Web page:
On Sept. 12, Bush's opponents began to strike back, led not by the ineffective Democrats, but by traditional and moderately conservative Republicans and military figures. Democratic leaders like Harry Reid were too busy being offended and outraged to do anything meaningful. However, President Bush's image had barely faded from tv screens when Pentagon officials leaked a report by a Marine intelligence officer claiming that Anbar province was "lost" to the American cause and that al-Qaeda was now the most important political force in Western Iraq. The next day, Marine Maj. General Zilmer dug the knife in deeper by claiming that troop levels in Anbar were fine unless the military actually wanted to defeat the insurgents.

So much for staying the course.

The counter-offensive then spread to the Senate where John McCain mobilized opposition to Bush's plan for military tribunals by producing a letter from former Joint Chiefs Chair John Vessey claiming that Bush was undermining "the moral basis which has generally guided our conduct in war throughout our history." Heavy stuff.

By today, the Republican rebellion had generated enough steam that Bush went to Capital Hill in person. But McCain had another ace up his sleeve, a supportive letter from a figure who has far more credibility than President Bush, Colin Powell.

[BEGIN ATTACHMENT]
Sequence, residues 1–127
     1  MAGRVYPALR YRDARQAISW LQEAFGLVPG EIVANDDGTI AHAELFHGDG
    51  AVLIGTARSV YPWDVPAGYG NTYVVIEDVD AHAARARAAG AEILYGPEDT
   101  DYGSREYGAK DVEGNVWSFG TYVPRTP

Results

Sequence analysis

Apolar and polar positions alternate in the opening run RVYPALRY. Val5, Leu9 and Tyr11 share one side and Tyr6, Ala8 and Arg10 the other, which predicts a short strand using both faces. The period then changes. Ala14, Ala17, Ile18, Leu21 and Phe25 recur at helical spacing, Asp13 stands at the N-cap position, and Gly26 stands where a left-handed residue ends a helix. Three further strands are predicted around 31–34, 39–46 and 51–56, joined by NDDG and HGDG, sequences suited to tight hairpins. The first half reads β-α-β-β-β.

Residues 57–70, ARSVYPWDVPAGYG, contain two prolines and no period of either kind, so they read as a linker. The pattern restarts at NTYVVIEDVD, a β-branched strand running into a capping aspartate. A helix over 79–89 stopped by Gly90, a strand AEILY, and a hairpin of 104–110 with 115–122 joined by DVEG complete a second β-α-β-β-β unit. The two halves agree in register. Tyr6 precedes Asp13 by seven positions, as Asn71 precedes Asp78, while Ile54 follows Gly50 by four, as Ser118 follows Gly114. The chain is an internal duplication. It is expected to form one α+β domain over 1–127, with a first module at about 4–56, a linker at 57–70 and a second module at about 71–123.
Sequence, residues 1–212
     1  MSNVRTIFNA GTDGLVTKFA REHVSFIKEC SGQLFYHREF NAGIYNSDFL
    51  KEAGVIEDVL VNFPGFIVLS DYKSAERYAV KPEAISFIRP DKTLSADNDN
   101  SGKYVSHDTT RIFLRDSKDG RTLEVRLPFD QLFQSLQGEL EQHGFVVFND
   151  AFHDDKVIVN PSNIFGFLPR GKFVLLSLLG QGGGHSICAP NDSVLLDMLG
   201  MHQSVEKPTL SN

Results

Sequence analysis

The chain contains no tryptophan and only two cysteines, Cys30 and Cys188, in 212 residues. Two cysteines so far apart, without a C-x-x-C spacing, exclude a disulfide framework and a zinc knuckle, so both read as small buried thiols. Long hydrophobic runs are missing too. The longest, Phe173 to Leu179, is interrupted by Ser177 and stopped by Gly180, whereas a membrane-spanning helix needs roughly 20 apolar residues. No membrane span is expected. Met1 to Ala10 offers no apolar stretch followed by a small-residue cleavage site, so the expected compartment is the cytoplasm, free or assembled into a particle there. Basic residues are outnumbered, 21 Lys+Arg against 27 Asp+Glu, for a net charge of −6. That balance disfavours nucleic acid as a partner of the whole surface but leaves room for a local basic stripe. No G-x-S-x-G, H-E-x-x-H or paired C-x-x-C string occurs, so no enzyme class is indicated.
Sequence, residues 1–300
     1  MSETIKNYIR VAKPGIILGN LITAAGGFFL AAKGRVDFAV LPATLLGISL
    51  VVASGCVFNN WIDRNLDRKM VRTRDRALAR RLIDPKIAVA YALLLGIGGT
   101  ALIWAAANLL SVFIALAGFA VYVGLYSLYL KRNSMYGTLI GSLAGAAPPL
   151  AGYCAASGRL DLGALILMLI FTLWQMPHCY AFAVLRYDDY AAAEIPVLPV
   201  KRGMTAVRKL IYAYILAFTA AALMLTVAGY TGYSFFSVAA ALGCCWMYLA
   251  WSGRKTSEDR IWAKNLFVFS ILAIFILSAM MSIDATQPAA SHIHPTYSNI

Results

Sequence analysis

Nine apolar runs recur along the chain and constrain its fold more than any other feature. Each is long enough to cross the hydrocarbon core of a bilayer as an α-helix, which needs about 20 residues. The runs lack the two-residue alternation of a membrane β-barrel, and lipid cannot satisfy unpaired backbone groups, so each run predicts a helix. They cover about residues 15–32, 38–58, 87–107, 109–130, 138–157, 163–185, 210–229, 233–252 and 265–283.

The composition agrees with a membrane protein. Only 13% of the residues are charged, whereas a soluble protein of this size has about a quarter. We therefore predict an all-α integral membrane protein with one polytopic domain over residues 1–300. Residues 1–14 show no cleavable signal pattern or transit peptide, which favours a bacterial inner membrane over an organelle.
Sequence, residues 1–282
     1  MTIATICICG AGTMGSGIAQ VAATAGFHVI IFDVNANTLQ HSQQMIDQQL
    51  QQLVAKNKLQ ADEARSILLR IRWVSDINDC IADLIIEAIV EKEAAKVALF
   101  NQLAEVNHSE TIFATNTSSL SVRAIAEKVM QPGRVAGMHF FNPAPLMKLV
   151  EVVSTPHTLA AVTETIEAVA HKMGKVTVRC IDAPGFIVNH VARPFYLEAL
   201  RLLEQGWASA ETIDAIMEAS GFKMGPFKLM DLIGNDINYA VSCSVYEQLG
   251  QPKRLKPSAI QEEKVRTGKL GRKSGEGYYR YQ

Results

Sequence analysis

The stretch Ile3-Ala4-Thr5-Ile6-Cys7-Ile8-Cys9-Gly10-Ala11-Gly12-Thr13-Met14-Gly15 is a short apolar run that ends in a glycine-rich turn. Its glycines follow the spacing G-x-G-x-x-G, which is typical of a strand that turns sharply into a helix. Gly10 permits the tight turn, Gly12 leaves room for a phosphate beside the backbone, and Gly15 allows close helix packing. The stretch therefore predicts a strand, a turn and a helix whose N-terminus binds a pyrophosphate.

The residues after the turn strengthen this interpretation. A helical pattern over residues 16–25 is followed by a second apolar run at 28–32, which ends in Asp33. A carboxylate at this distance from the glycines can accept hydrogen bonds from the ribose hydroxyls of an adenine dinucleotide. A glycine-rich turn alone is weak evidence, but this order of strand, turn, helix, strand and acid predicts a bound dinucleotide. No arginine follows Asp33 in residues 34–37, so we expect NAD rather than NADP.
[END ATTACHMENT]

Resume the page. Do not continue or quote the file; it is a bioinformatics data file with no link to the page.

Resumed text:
Whichever side can move opinion among moderates and traditional conservatives will have a good shot at winning elections in 2006 and 2008. The events of the last couple of days indicate that the Bush administration may have already lost that game even if the Democrats have yet to find the stadium.

Victory versus Reality

You know things are bad. The Bush administration must have known that the situation in Iraq are really bad when they felt compelled to call in six conservative columnists on Tuesday to meet with the President. Mona Charen was there and has a column today emphasizing Bush's view that "victory" is the only option in the war against Islamic extremism.

Somebody needs to tell the generals. Unfortunately, the word on victory has not seeped back to American commanders in al-Anbar, the rebellious North Carolina-sized Iraqi provice where we have thirty thousand troops. According to Gen. Richard Zilmer, that's enough to fulfill the current mission of training Iraqi troops, but not nearly enough for defeating the insurgency in Anbar.